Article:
For cinema-goers in Ireland, many will have become fans of his 1991 bitter-sweet comedy, Life is Sweet. As in all Leigh films, it’s full of well-rounded three-dimensional characters that resonate with the viewer long after the final credits. It’s also one of his funniest. Was it a turning point in his career in terms of making money or achieving a new level of recognition? “I don’t know about the money,” he laughs. “It was the second film I made after a long gap, so maybe there was a level of expectation there. I suppose it was a breakthrough film of sorts, but the real breakthrough was with Secrets and Lies. That was such an international success; we went to Cannes, we got the Palme d’Or and it was very widely appreciated.”
In Secrets and Lies, the powerful narrative deals with an adopted woman discovering her birth mother in modern-day London, intertwined with the lives of other fascinating characters.
Leigh’s films concentrate on realistic situations from ordinary life and there is little call for high-tech special effects. That said, a number of directors have turned to newer cinematic technology to tell their stories. Martin Scorsese’s Hugo is a case in point, with its extensive use of motion-capture technology and computerised animation.
“The great thing about film is that it does evolve… although you can’t see it and you can’t see the wheels going around as it were; we’ve been very sophisticated with the use of digital technology, both in sound editing and particularly in grading.”
Leigh mentions his film Happy Go Lucky as one in which extensive use was made of digitally enhanced footage during the scenes where the main protagonist is driving a car.
“The stuff you can do with all that is very interesting. I’m now preparing a film which we’ll start shooting soon, I hope, about JMW Turner, the great painter, and there, we will absolutely use all kinds of digital post-production technology.”
As for a favourite film, he finds it difficult to pick one out because, he says, he has been fortunate to have always been free to make films exactly how he wants to without any outside interference. But he does admit to being particularly chuffed about how his Gilbert & Sullivan period piece Topsy Turvy. “It was just an extraordinary achievement for not very much money; that we managed to make this great, elaborate thing… I’m not sure quite how we did it, really. I’m proud of that one… proud of all of us.”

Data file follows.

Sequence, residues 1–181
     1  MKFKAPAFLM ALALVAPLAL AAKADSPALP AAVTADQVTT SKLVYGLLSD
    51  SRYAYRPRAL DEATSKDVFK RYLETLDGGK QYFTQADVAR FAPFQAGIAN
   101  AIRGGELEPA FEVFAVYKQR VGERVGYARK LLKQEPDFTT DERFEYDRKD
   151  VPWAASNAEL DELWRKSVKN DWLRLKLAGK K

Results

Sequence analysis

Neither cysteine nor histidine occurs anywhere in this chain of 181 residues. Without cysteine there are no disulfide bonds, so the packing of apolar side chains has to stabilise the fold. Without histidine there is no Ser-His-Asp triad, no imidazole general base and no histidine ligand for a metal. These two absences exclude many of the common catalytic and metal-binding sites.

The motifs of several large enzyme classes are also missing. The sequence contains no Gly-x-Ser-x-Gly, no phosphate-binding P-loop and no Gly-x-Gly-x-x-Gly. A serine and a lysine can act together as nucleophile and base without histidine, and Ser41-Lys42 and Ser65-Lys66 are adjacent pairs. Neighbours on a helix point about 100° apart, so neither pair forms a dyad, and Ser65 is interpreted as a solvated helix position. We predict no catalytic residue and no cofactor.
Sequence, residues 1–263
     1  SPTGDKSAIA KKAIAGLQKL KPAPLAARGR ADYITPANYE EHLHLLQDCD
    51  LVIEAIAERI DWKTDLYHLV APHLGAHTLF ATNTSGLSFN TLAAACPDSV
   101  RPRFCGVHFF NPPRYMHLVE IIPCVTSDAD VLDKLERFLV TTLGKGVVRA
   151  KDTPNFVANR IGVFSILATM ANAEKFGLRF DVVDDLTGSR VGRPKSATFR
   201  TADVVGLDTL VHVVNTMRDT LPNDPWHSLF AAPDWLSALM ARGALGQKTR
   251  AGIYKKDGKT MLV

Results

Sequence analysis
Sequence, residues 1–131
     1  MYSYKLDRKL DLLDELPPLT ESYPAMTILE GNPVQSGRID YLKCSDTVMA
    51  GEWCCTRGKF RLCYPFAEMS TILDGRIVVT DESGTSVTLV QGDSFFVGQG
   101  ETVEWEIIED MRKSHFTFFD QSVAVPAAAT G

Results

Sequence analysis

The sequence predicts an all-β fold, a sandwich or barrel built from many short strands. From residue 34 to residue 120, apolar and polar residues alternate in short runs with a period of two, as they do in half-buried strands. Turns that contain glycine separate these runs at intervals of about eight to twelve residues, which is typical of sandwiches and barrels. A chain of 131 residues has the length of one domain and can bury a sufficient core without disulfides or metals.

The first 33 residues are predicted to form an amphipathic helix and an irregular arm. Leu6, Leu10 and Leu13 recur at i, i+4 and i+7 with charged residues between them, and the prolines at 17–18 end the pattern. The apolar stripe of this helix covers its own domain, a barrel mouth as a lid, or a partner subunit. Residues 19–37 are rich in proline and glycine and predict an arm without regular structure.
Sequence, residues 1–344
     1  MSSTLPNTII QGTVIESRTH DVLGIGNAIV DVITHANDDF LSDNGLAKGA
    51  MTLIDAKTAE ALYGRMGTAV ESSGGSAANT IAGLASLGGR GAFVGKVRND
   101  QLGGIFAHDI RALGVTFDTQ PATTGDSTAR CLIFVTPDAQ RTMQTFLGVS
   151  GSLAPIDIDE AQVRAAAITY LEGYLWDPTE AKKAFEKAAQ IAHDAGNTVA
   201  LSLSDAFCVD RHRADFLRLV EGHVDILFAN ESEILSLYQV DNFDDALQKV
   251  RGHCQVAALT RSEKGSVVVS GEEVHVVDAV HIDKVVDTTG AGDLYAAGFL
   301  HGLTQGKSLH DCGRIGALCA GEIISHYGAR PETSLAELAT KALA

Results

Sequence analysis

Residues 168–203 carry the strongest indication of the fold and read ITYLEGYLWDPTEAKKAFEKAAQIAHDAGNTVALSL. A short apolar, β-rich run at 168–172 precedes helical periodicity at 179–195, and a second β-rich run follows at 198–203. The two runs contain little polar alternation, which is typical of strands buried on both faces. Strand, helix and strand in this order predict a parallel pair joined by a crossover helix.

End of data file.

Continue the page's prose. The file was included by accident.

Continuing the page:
The 4th annual Corona Fastnet Short Film Festival runs in Schull from tomorrow to Sunday. The West Cork coastal town is famously devoid of a cinema, but that hasn’t stopped the dynamic film-fest from attracting a host of notable stars. Past guests include Jim Sheridan and Steve Coogan, while former BBC boss Greg Dyke and author/director Gerard Stembridge are amongst the regular attendees.
This year, aside from Mike Leigh, the impressive line-up includes directors Ken Wardrop (His & Hers), Lenny Abrahamson (Garage and Adam & Paul), screenwriter Carmel Winters (Snap), and Booker-prize nominated author David Mitchell, whose remarkable novel Cloud Atlas is being brought to the big screen later this year by the Wachowski brothers and Tom Tykwer.
There will be a significant presence from Mexico again this year, with a number of competition entries from Mexico and the attendance of Mexican ambassador, Carlos Garcia de Alba.
There are 152 short films from 25 countries on show throughout the village on screens and on mobile devices, with a number of talks, master-classes and special screenings that are not to be missed.
This year specaial showings are Mike Leigh’s Another Year, Lenny Abrahamson’s Garage and West Cork man Gerard Hurley’s highly-regarded The Pier, which screens on opening party night tonight.